The Sindhi people, divided by religion and borders, also read their mother-tongue in two different scripts – Arabic and Devanagri. While Indian Sindhis do, to some extent, read the former, the present generation of Sindhis in Pakistan find Devanagri illegible.
“Not even a Sindhi language scholar has emerged in Sindh so far who is ‘au fait’ with the two scripts of the language,” writes Sindhi Language Authority (SLA) chairperson Dr Fehmida Hussain in her booklet ‘Learning the Sindhi Language’. “There is a treasure trove of literature, past and present, in both the scripts, but few Sindhis can benefit from it.”
Literature is not the only realm where the divided people face an obstruction; the Sindhis on the two sides of the Pakistan-India border also have trouble communicating with each other in writing. However, with the help of technological advancement, this barrier is likely to be circumvented before long.
Dr Virender Kalra, a lecturer from the University of Manchester, has embarked upon a one-year project of transliterating the two scripts with the help of an internet-based software. Visiting Hyderabad for two days, he met Sindhi writers, poets and SLA officials to gather their recommendations.
Meanwhile, Ali Hassan Mallah, a Jamshoro-based software manufacturer with a knack for Sindhi literature and poetry, claims to have already made a transliteration software.
Dr Virender Kalra
Having previously prepared a transliteration software for the two Punjabi scripts – Shahmukhi, with Perso-Arabic letters, and Gurmukhi, with Landa letters derived from the Indic scripts – Dr Kalra has moved on to Sindhi and its scripts. Like the earlier project, this one is also funded by the Punjabi University in Patiala, India.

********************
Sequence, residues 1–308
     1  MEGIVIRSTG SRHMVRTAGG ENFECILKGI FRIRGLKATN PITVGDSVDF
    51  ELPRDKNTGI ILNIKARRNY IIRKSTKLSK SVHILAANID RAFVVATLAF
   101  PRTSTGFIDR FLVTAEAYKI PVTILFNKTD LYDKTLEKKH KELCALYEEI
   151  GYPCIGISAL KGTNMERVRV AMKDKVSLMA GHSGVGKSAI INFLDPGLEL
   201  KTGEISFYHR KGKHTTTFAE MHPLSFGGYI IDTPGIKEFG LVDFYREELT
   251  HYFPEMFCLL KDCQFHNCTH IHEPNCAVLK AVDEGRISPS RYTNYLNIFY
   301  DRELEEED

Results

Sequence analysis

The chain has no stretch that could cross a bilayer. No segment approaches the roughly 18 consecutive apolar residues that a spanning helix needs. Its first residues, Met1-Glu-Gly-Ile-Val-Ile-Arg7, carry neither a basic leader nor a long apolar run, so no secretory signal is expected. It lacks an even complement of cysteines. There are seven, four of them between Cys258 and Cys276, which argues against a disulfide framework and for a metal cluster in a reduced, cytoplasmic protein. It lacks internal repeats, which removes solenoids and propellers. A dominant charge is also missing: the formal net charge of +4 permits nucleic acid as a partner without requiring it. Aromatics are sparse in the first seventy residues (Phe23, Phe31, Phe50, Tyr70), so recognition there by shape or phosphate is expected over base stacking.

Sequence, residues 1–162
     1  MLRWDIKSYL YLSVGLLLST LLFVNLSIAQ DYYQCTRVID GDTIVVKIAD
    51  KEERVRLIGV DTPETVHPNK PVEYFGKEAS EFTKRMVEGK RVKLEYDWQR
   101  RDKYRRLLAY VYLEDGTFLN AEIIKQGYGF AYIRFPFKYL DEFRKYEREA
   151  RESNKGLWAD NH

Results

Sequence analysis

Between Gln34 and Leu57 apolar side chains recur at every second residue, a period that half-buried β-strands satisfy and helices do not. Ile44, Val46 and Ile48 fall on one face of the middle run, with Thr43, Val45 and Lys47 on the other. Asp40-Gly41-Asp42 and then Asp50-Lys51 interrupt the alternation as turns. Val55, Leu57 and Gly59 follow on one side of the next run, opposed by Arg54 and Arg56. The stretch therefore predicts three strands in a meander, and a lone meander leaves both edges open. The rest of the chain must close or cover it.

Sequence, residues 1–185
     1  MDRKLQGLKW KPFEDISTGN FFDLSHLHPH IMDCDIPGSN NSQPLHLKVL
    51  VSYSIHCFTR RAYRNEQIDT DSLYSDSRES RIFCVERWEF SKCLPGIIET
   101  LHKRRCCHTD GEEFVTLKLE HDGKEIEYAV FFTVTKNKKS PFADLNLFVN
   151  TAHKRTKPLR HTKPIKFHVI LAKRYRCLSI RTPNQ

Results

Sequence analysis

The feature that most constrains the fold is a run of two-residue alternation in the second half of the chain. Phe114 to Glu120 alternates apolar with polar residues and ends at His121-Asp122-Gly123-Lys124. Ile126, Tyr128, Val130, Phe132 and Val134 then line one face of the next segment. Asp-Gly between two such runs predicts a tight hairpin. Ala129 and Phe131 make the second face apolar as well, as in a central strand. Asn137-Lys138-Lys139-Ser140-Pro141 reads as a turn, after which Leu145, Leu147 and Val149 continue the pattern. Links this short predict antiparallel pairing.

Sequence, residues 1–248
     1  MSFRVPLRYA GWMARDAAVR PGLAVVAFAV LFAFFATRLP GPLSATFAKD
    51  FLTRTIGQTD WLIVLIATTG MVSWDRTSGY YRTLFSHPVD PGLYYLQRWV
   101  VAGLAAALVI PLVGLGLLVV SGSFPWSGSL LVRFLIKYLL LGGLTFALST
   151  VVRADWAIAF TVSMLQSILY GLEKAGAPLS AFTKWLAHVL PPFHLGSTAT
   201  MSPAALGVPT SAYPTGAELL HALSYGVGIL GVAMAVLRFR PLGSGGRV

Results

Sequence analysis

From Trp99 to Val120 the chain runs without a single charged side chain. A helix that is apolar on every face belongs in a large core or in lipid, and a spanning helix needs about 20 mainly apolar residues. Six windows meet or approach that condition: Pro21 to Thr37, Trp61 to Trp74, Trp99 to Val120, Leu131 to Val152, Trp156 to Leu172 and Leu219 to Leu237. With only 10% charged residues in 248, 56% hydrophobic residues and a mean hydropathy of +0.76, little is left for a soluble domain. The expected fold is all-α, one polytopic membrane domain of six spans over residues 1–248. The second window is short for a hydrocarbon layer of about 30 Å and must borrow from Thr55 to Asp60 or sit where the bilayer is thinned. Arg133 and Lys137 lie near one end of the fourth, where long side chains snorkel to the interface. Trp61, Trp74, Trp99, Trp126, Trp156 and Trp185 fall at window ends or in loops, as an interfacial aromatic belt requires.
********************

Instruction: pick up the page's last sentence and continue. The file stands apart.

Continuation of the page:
“The software will transliterate one script into the other without affecting the phonology of the word,” he explained. However, the computer programme, which will be available on the Punjabi University’s website, will not help the readers of one script decipher the other.
The majority of Sindhis in India live in the states of Rajasthan, Gujarat and Maharashtra. According to Dr Kalra, while the schools in these states teach Sindhi in both scripts, most of them use Devanagri.
“Literature has a rich vein of Sindhi in the Arabic script,” said Dr Kalra. “A large number of books, newspapers, magazines and other reading materials are published in it. Indian Sindhis would benefit a lot if they were able to read these.”
For SLA secretary Taj Joyo, Dr Kalra’s undertaking is the need of the hour if Sindhis are to transcend their own language barrier.
Ali Hassan Mallah
The owner of software house Indusilicon – named after the Indus and Silicon valleys – in Jamshoro, Mallah has created websites for Sindhi Adabi Board, Brahvi Academy, Sindhica and hundreds of other organisations and universities. Although he completed his studies in mass communication and computer science from Sindh University and MUET, he has a deep interest in literature and ethnography.